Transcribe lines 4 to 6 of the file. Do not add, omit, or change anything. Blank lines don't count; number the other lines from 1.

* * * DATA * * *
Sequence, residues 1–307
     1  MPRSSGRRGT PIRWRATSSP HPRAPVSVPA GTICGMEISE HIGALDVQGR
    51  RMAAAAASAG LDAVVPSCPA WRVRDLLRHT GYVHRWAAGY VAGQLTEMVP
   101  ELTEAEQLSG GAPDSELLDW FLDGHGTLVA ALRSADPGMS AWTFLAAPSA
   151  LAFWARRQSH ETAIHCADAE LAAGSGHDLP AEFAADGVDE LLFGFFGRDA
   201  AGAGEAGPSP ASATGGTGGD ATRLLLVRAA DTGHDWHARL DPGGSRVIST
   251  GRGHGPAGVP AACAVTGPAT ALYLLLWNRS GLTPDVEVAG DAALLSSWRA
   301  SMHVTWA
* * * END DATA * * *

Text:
   101  ELTEAEQLSG GAPDSELLDW FLDGHGTLVA ALRSADPGMS AWTFLAAPSA
   151  LAFWARRQSH ETAIHCADAE LAAGSGHDLP AEFAADGVDE LLFGFFGRDA
   201  AGAGEAGPSP ASATGGTGGD ATRLLLVRAA DTGHDWHARL DPGGSRVIST